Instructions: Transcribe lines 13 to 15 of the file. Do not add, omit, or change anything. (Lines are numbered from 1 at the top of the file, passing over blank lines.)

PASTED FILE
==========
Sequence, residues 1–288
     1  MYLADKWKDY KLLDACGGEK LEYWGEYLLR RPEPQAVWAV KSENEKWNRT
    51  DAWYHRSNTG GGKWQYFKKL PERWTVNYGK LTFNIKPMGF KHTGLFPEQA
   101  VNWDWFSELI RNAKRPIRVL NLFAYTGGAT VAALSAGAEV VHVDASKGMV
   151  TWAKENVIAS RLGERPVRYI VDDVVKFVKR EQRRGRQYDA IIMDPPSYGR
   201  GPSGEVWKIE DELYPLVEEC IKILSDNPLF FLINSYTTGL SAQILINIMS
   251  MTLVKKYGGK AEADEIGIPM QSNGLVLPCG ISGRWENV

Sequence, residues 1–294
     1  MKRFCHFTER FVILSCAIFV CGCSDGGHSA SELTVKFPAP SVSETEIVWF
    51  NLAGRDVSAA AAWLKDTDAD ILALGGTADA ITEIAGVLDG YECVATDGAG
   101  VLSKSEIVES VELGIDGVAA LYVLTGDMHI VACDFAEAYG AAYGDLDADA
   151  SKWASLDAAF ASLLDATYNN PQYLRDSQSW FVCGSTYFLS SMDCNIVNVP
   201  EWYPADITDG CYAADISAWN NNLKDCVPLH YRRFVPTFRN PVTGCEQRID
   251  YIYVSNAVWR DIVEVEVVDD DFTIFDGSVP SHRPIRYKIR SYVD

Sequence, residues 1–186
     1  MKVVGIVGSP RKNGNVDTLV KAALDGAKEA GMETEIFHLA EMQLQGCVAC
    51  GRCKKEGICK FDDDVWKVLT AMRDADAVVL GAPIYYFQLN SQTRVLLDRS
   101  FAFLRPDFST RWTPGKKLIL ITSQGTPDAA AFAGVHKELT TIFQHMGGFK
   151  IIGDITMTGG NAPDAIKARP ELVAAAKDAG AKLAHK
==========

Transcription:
   201  EWYPADITDG CYAADISAWN NNLKDCVPLH YRRFVPTFRN PVTGCEQRID
   251  YIYVSNAVWR DIVEVEVVDD DFTIFDGSVP SHRPIRYKIR SYVD

Sequence, residues 1–186